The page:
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Concessional contributions are types of contributions made into your super fund from your employer where a tax deduction has been claimed by the employer or from you if you are a high-income earner. They are also known as salary sacrifice, which reduces your taxable income. Note that no deduction is claimed if you are a low-income earner and your employer voluntarily contributes to your superannuation fund. As a result, it is not considered a concessional contribution.
In this article, we’ll go into detail about concessional contributions. Read on below to learn more.
More about Concessional Contribution
Concessional contributions are contributions made into your super account that have been taxed at the source by the government. Concessional contributions include:
- Employer and salary sacrifice contributions.
- Personal contributions that have been taxed at source by the government.
- 50% of your total net investment income.
- 100% of your net capital gains.
Your concessional contributions are subject to a limit and are classified as contributions made into your super account where the contributor has claimed a tax deduction.
A maximum amount can be contributed to your super account as concessional contributions each year, which is known as the concessional contributions cap. The superannuation concessional contributions cap is assessed per person, per annum basis. In Australia, the current cap amount is $27,500.
Concessional contributions are subject to a different tax treatment than non-concessional contributions. The former is subject to a 15 per cent tax rate. This means that the net value of your superannuation account is reduced by 15 per cent when a calculation is made to determine the amount of tax payable on the amount of income earned by your superannuation fund.
The Unused Concessional Contributions Cap
Suppose you have an excess concessional contributions cap amount. In that case, you can only utilise the extra amount in a financial year if your total super balance was below $1.25 million on 30 June of the previous financial year. Once $1.25 million is exceeded, you can’t utilise that excess amount anymore.
If you are over 50 and have any unused concessional contributions cap, that amount can be carried forward indefinitely.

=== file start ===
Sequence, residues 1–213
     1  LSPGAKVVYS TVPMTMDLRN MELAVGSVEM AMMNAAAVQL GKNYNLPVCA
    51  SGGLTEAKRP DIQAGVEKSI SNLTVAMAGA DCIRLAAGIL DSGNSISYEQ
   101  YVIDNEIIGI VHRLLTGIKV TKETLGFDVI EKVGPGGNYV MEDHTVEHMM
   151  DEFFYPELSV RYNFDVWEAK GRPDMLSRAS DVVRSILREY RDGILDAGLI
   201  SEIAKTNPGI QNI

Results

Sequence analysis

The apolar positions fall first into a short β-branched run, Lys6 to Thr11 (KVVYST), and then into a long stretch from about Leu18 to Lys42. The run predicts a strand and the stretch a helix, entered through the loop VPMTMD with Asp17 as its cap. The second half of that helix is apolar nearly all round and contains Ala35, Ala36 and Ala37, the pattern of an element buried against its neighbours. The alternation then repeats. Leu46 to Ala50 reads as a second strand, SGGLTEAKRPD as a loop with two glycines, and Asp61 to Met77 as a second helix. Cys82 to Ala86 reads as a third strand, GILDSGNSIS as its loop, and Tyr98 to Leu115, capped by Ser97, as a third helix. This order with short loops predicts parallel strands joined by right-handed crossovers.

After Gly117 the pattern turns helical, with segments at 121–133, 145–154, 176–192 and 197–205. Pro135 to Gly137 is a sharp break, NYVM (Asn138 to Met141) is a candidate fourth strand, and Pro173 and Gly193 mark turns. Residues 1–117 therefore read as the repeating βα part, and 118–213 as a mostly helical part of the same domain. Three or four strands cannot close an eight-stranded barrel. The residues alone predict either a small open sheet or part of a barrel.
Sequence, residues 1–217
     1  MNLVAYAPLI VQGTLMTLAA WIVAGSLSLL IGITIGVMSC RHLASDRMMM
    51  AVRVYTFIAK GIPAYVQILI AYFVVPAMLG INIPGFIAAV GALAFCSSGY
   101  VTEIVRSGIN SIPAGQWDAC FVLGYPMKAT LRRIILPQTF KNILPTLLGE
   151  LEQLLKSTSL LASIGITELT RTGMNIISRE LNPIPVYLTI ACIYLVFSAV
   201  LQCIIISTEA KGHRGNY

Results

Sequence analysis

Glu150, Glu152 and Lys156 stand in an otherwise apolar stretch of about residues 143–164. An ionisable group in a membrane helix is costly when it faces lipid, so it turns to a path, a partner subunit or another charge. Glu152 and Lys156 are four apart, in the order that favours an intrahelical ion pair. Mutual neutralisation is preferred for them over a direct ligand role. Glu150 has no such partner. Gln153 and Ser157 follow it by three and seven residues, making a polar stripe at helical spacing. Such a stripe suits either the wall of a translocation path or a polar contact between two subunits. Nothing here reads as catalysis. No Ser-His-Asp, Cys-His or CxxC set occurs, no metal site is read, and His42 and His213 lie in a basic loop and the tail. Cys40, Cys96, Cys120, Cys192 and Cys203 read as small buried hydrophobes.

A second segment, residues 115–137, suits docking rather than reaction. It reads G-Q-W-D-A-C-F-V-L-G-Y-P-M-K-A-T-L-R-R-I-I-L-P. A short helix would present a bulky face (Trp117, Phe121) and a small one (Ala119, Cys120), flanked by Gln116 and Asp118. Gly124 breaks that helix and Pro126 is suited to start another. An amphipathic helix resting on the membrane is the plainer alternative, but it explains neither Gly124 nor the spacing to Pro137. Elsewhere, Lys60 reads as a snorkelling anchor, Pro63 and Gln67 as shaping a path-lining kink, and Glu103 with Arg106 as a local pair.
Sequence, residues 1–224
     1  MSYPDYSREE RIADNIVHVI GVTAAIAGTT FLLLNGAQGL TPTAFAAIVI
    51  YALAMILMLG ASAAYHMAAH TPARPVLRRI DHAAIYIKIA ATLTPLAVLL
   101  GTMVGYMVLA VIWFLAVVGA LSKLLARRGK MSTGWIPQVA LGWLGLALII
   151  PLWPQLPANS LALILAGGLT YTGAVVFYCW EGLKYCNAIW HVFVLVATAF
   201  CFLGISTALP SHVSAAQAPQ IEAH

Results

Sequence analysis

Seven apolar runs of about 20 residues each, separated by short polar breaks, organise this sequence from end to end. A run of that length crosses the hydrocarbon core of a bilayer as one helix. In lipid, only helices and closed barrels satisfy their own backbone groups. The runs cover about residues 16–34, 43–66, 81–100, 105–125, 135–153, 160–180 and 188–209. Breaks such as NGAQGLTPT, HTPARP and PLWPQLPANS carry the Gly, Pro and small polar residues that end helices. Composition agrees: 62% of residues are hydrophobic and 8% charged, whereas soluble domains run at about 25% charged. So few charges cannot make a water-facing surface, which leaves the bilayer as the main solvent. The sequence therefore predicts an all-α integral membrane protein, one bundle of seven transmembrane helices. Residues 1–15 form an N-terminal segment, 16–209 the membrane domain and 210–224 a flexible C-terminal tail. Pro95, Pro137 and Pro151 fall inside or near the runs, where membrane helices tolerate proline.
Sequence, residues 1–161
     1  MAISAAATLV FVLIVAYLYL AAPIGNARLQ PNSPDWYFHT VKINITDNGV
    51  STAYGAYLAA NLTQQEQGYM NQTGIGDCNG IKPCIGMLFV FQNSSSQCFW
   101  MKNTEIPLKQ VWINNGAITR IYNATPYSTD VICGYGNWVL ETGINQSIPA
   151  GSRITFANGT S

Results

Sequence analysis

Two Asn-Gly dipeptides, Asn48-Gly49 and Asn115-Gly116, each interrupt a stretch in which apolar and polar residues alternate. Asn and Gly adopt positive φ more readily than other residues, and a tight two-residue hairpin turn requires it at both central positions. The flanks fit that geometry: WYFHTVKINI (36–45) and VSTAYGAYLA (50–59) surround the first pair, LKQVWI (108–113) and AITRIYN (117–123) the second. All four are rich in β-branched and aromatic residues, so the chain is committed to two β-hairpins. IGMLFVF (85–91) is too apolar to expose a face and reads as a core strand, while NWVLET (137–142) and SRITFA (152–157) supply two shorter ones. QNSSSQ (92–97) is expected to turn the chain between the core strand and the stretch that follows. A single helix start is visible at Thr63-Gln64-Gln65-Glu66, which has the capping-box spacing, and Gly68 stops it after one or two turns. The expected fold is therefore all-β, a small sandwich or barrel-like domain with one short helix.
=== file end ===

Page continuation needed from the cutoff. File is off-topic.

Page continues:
The contributions made under the Rule must be re-characterized as concessional contributions to your accumulation super fund. You are not required to re-characterize these contributions to your accumulation super fund, but it’s recommended that you do so as this will help you to keep track of the amounts re-characterized.
Concessional contributions are not subject to the super guarantee contribution tax of 15% for employees earning more than $350,000 annually.
Excess Concessional Contributions
You can withdraw all or part of the excess if you contribute more than your concessional contributions cap. Non-concessional contributions are not included in the excess amount. For example, suppose you are over the concessional cap by $5,000 and have contributed $3,000 to super (concessional contributions) in the same year. In that case, you will be able to withdraw all of the excesses.
You have 30 days from the date of receiving your notice from the Australian Taxation Office to withdraw the excess amount ̶ they will notify you in writing when you have exceeded the concessional contributions cap. If you do not withdraw the excess, it will be added to the amount you can contribute in the following year.
An additional tax of 47% will be payable on the excess amount, and the tax will be applied on a 12-month basis from the financial year in which you have contributed more than your concessional cap.
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Having a super account is essential when you reach retirement age, which is why it’s recommended that you start as early as whenever possible. Your older self will thank you for it because you’ll have little to no worries about monetary needs in retirement.
To learn more information about your super contributions, check out these posts:
- A Beginner’s Guide to Understanding the Basics of Superannuation
- Pros and Cons of Increasing Your Super Contributions
Coastal Advice Port Macquarie provides top-quality services for superannuation financial planning. We understand the needs of seniors, which is why we give various options to help them in retirement planning. Contact us today to learn more!
DISCLAIMER: The views expressed in this publication are solely those of the author; they are not reflective or indicative of RI Advice Group’s position and are not to be attributed to RI Advice Group. They cannot be reproduced in any form without the express written consent of the author. This information (including taxation) is general in nature and does not consider your individual circumstances or needs. Do not act until you seek professional advice. Newcastle Financial Planning Group, Central Coast Financial Planning Group, Sydney Wealth Advisers, Coastal Advice Port Macquarie and Coastal Advice Ballina Byron are subsidiaries of Coastal Advice Group Pty Ltd which is a Corporate Authorised Representative of RI Advice Group Pty Ltd, ABN 23 001 774 125 AFSL 238429.